OECD Trims Growth Forecast and Warns of Trade Deceleration in Latest Economic Outlook

Alicia Nicholls

The Organisation for Economic Cooperation and Development (OECD) has again trimmed its global growth forecast slightly downward in its second economic outlook for the year, reflecting the weakness in Emerging Market Economies (EMEs). The Paris-based grouping predicts global GDP will expand by just 2.9% in 2015, down from 3% forecasted in its Interim Outlook this September. Eight years into the crisis this is the weakest growth since 2009. In its report, the OECD noted that the outlook for EMEs is “a key source of uncertainty at present given their large contribution to global trade and GDP growth”.

While the OECD predicts that global trade and output will recover in 2016/2017 assisted by stimulus measures in China, in his address at the launch of the report, OECD Secretary General, Jose Angel Gurria, emphasised that this improvement is dependent on a variety of factors, including “supportive macroeconomic policies, investment, continued low commodity prices for advanced economies and a steady improvement in the labour market”.

In anticipation of the COP21 UN Climate Change Conference in Paris, the OECD’s Economic Outlook report includes a chapter on climate change which calls for urgent action to address this global issue. In his address Secretary General Gurria stressed “we are on a collision course with nature and we have to change course” and urged that  “the fragility of economic recovery cannot be an excuse for policy inaction”.

Key points from the Report 

  • Global output is expected to grow by 2.9 percent in 2015 (weaker than the 3 percent predicted in the September Interim Outlook), with a modest upturn to 3.3 percent in 2016 (slower than the 3.6 percent forecasted in the September Interim Outlook), provided there is smoothening of the slowdown in China and stronger investment in advanced economies.
  • In contrast to 2011 and 2012 where EMEs were propelling global growth, lacklustre EME growth, including recessions in Brazil and Russia and a slowdown in China have negatively impacted global output and trade growth in 2015.
  • Global trade growth has slowed and is precariously close to levels usually associated with a global recession. Noting the link between trade and economic growth, the OECD pointed out that softening Chinese demand for imports is responsible in part not just for the deceleration of global trade but has negatively affected growth in economies which are linked to the Chinese economy. In its report, the OECD noted that “a more significant slowdown in Chinese domestic demand could hit financial market confidence and the growth prospects of many economies, including the advanced economies”.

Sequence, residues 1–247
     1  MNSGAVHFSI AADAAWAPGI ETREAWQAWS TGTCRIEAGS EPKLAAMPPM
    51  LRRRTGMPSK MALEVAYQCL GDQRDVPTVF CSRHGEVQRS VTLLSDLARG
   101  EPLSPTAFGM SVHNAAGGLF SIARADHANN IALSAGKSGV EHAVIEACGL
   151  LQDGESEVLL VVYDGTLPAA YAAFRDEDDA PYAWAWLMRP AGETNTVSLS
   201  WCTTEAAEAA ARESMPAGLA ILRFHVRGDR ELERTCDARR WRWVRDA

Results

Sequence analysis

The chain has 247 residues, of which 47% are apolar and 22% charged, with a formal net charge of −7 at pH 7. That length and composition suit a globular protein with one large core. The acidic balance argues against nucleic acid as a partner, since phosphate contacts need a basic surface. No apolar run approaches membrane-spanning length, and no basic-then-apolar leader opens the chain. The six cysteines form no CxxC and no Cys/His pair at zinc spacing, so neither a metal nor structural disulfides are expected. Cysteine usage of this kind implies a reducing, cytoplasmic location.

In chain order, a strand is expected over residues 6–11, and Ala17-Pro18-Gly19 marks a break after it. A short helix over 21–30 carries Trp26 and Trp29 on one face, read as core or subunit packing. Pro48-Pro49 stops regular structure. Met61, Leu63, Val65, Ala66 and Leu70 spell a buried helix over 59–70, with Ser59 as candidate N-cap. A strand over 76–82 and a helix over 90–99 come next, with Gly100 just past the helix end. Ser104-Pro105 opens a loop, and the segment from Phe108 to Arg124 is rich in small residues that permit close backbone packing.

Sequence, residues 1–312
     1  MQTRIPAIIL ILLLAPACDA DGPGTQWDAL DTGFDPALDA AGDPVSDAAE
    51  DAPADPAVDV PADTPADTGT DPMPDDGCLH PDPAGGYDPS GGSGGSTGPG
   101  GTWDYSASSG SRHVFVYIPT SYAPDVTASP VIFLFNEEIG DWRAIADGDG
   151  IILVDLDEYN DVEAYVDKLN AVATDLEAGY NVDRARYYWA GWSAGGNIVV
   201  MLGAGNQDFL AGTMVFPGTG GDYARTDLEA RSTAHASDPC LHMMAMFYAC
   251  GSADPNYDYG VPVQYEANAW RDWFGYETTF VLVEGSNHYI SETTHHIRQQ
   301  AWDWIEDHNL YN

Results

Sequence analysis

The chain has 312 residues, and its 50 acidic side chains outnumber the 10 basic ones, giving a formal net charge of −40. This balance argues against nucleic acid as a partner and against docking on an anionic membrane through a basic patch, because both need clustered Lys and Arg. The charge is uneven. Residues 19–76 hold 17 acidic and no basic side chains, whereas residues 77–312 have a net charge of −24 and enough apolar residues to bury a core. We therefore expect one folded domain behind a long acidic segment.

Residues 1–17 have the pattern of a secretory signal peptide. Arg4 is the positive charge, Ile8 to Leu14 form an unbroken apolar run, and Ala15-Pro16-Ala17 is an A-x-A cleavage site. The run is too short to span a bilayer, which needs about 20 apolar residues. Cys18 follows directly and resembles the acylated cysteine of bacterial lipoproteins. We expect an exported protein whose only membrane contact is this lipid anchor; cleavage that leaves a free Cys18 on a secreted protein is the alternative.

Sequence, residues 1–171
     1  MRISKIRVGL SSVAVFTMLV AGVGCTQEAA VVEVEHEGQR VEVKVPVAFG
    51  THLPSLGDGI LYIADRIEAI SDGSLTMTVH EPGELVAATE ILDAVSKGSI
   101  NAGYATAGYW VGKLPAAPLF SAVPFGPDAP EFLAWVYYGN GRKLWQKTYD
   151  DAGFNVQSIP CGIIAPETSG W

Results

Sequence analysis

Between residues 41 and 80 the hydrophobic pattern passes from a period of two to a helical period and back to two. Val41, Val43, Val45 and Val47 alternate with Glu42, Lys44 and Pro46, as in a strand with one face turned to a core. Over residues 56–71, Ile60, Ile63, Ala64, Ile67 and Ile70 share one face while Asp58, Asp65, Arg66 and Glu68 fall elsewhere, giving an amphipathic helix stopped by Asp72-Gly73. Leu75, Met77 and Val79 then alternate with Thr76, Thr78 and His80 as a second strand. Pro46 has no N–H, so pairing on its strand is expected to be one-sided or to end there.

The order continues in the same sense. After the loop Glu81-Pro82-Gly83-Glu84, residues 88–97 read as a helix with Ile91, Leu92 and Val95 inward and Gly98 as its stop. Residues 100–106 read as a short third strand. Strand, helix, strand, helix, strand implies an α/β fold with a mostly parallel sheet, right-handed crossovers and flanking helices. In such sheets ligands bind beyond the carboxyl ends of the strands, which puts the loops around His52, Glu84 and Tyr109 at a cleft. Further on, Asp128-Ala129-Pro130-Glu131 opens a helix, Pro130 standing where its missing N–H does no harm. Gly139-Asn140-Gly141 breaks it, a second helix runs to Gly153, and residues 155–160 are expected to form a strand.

• Growth in the Chinese economy is projected to slow to 6.8 percent in 2015 (up slightly from 6.7 percent in the September forecast), 6.5 percent in 2016 and 6.2 percent in 2017 as the Chinese economy rebalances towards consumption and services activity.
  • Advanced economies remain resilient so far. The growth forecast for the United States economy is 2.4 percent in 2015, 2.5 percent in 2016 and 2.4 percent in 2017. Despite steady recovery in output and in employment, workers pay is still subdued. The OECD has expressed its belief that the time is ripe for the Federal Reserve to raise interest rates. This would be the first interest hike by the US central bank since the recession began.
  • Although recovery in the Eurozone is expected to strengthen, growth projections were downgraded from the September Interim Outlook. Eurozone countries are now expected to grow by 1.8 percent in 2016 and 1.9 percent in 2017 thanks to lower oil prices, accommodative monetary policy and an easing of budget tightening.
  • The refugee surge to the EU is expected to promote labour force growth and help offset the effect of an ageing population but this will depend on several factors, including the skill set of the refugees and current labour market conditions.
  • Unemployment in OECD countries is expected to fall but there will still be 39 million people out of work in OECD countries, six million more before the crisis started.
  • Trade and investment protectionism, inequality and productivity are problems which must be countered in order for growth to be achieved. There is also need for accelerating structural reforms.
  • A well-designed climate change policies can bring an improvement in short term outlook.
  • The OECD will release a policy note looking at the labour market and fiscal impact of the European refugee surge in advance of the G20 summit in Antalya.

The full report and presentations on the OECD Economic Outlook may be found here.

Alicia Nicholls, B.Sc., M.Sc., LL.B. is a trade and development consultant with a keen interest in sustainable development, international law and trade. You can read more of her commentaries and follow her on Twitter @LicyLaw.

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